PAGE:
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Riesling and the Wine Regions of Germany

Updated: Mar 31, 2023

Where to take a grape escape to slurp great Riesling.

While Riesling can be found in most of the German wine regions it’s the hero grape in the Mosel and Rhein wine valley area of Rheingau, Rheinhessen (Nahe) and further south in the Pfalz.

One of Riesling’s most unique and celebrated qualities is its vibrant expression of terroir, commonly defined as “a sense of place.” In other words, certain elements of the soil and microclimate that the grapes are grown in are noticeable factors in the wine’s taste profile. This transparency of terroir means that Riesling grown in different regions will produce wines with markedly distinct characteristics.

“Riesling is grapes that’s character and charisma is truly reflective of its terroir ( soil and climate ) and with that the influence of stylistic traditions ensures that each region has a claim to fame on the king of white grapes”

Riesling and the Wine Regions of Germany

The Mosel: Majestic river views hallmarked by some of the steepest vineyards as far as the eye can see is Germany’s largest producer of Riesling

Riesling from the Mosel is legendary. The sites on steep slate-covered hills, in particular, bring forth Rieslings that number among the finest in the world. The Mosel is probably the most famous and oldest wine regions of Germany if not the world. Nearly 2000 years of uninterrupted viticulture have created a unique bond between its natural and cultural landscapes.

Along the serpentine route of the Mosel, the river banks rise sharply and the vineyards carpeting these slopes are among the steepest in the world. The best vineyards have an average slope at an astounding 60-70-degree gradient. On these precipitous inclines, nearly all labor must be done by hand. That includes tying each vine to its own wooden stake and carrying up the slate soil that has washed down with the winter rains. In the Mosel Riesling accounts for 92% of cultivation.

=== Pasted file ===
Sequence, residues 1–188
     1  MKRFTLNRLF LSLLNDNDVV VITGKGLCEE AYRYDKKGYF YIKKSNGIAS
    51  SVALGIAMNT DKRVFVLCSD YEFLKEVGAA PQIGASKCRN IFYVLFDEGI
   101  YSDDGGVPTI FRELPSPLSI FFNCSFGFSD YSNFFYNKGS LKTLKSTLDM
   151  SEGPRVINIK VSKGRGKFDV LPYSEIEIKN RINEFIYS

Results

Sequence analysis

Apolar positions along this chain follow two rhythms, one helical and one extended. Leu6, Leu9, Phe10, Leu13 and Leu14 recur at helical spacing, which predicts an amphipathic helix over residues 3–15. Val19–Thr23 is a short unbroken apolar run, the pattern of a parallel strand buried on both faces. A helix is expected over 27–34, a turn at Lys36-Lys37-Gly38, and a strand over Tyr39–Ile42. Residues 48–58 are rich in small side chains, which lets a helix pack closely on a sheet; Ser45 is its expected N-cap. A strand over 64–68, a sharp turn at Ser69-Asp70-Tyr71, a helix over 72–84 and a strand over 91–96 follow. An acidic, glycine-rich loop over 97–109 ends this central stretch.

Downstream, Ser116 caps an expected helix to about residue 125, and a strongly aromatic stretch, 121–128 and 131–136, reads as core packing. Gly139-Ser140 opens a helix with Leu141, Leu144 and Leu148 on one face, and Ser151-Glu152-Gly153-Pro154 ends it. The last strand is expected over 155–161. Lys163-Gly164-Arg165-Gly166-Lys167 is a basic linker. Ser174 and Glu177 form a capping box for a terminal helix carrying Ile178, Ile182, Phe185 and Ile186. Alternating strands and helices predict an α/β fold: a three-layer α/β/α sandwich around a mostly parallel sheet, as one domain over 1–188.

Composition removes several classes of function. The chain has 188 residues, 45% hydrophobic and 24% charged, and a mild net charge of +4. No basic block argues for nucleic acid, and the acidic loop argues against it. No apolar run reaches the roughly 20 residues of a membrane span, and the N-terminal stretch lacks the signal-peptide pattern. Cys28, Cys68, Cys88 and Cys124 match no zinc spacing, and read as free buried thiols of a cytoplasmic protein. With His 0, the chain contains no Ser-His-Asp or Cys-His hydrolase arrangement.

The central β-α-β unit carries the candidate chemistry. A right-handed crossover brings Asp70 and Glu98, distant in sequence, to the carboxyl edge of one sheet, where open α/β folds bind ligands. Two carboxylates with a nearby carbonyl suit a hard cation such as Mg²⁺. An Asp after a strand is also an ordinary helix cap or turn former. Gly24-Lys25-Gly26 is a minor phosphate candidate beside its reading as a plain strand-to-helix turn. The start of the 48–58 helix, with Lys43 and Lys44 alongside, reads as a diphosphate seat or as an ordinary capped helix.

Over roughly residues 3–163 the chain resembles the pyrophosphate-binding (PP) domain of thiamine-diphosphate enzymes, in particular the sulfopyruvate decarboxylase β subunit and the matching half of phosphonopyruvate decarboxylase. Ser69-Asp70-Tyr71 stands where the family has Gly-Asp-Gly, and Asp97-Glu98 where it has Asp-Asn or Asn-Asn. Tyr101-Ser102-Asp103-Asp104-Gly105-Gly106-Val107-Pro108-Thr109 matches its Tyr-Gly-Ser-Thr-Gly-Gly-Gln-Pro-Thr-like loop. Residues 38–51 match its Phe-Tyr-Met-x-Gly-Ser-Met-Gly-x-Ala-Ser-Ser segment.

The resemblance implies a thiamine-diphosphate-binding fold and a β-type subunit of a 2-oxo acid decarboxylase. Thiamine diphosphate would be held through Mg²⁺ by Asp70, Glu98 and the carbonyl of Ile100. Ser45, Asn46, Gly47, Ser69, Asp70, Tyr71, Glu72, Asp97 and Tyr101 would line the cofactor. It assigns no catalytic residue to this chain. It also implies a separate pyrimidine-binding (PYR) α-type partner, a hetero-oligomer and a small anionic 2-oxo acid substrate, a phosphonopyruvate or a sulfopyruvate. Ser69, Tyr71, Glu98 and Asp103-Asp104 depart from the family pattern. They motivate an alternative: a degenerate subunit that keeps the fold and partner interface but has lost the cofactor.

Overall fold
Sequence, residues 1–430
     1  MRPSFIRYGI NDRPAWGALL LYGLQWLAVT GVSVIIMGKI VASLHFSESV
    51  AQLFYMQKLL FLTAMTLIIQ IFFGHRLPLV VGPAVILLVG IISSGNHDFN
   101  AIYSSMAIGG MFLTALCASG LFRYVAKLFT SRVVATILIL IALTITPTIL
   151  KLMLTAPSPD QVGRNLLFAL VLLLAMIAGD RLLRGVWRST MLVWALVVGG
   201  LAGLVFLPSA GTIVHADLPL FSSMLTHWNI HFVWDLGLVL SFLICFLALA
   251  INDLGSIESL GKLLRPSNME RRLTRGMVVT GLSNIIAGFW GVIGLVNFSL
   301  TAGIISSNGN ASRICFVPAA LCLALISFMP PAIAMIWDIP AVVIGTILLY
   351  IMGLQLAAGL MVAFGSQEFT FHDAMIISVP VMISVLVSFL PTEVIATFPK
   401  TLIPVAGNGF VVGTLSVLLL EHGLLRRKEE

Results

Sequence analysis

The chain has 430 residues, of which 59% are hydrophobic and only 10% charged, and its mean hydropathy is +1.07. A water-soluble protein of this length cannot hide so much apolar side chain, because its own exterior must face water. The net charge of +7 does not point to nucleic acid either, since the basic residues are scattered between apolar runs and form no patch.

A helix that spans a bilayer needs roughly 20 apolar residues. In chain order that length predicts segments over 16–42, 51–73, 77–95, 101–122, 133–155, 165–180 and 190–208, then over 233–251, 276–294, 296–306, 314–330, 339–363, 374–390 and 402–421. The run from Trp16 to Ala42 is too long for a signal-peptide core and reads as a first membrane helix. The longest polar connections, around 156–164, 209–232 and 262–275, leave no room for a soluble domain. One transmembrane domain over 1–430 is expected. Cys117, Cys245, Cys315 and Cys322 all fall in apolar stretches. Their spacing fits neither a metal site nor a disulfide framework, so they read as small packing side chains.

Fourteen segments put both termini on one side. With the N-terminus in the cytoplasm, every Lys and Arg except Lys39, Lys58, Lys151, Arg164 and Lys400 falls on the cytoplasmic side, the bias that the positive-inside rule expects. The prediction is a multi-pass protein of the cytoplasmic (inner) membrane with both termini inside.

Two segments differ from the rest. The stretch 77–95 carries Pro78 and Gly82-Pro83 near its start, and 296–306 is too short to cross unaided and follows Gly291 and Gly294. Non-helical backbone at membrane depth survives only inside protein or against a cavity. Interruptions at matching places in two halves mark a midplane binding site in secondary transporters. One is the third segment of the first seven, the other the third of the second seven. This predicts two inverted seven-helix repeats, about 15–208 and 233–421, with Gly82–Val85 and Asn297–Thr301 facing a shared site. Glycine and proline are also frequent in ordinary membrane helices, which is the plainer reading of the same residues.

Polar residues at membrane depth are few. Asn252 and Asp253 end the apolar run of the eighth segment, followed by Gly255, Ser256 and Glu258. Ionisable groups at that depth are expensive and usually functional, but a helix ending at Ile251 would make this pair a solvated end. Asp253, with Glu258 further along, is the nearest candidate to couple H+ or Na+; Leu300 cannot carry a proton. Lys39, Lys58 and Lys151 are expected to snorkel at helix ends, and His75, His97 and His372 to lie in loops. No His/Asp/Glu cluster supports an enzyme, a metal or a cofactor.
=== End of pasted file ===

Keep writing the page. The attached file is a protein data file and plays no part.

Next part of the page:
Unlike other regions where you will find a diversity of soils the Mosel is mostly a diversity of slate. Blue, grey with some iron rich red slate deposits. Therefor, the region produces a Riesling with its own distinctive personality. The fragrance is reminiscent of spring blossoms and peach. Younger dry wines usually have a pale straw color, light body and a refreshing, fruity acidity. To add to their charm, they often have the slightest hint of effervescence. In more premium Riesling you get a sense of hot stone from the heat-reflecting slate that is mirrored in the wines. These wines will have a mineral-rich and earthy, yet highly elegant, with refined, complex aromas. They are wines of nearly infinite longevity.

In general expect to taste dry Riesling that is typically delicate and intensely mineral, partially from the slate soil it’s grown on. Young wines smell more fruity fresh with a bit of flint stone, and mature growths can show interesting petrol notes. While gasoline and wine may sound like an odd match, wine aficionados celebrate and seek out this quality in German Riesling! Conversely, also expect to try lighter fruity refreshing riesling to more syrupy decadently sweet late harvest Riesling all defined by a juicy acidic back bone.

The Rheingau : The Burgundy of Germany, is a region nestled on the south facing valley between the Taunus Mountains and Rhein river 45km from Frankfurt.

The Rheingau is a beautiful region, rich in catholic traditions and noble estates. Early on, its medieval ecclesiastical and aristocratic wine-growers were associated with perfecting Riesling on first class sites. Then in the 18th century, they were credited for recognising the value of harvesting the crop at various stages of ripeness creating the Prädikate German quality system. Nearly 80% of its 7,700 acres are planted with Riesling – a record among wine regions worldwide. The region’s geological history is millions of years old, during which its diverse soils developed: quartzite and slate; loess; and gravelly, sandy, and clay sediments of the Mainz Basin, a prehistoric sea – soils that mark the terroirs in which Riesling thrives. In the end of the region famous steep slate vineyards are world known for Riesling and also elegant Pinot Noir.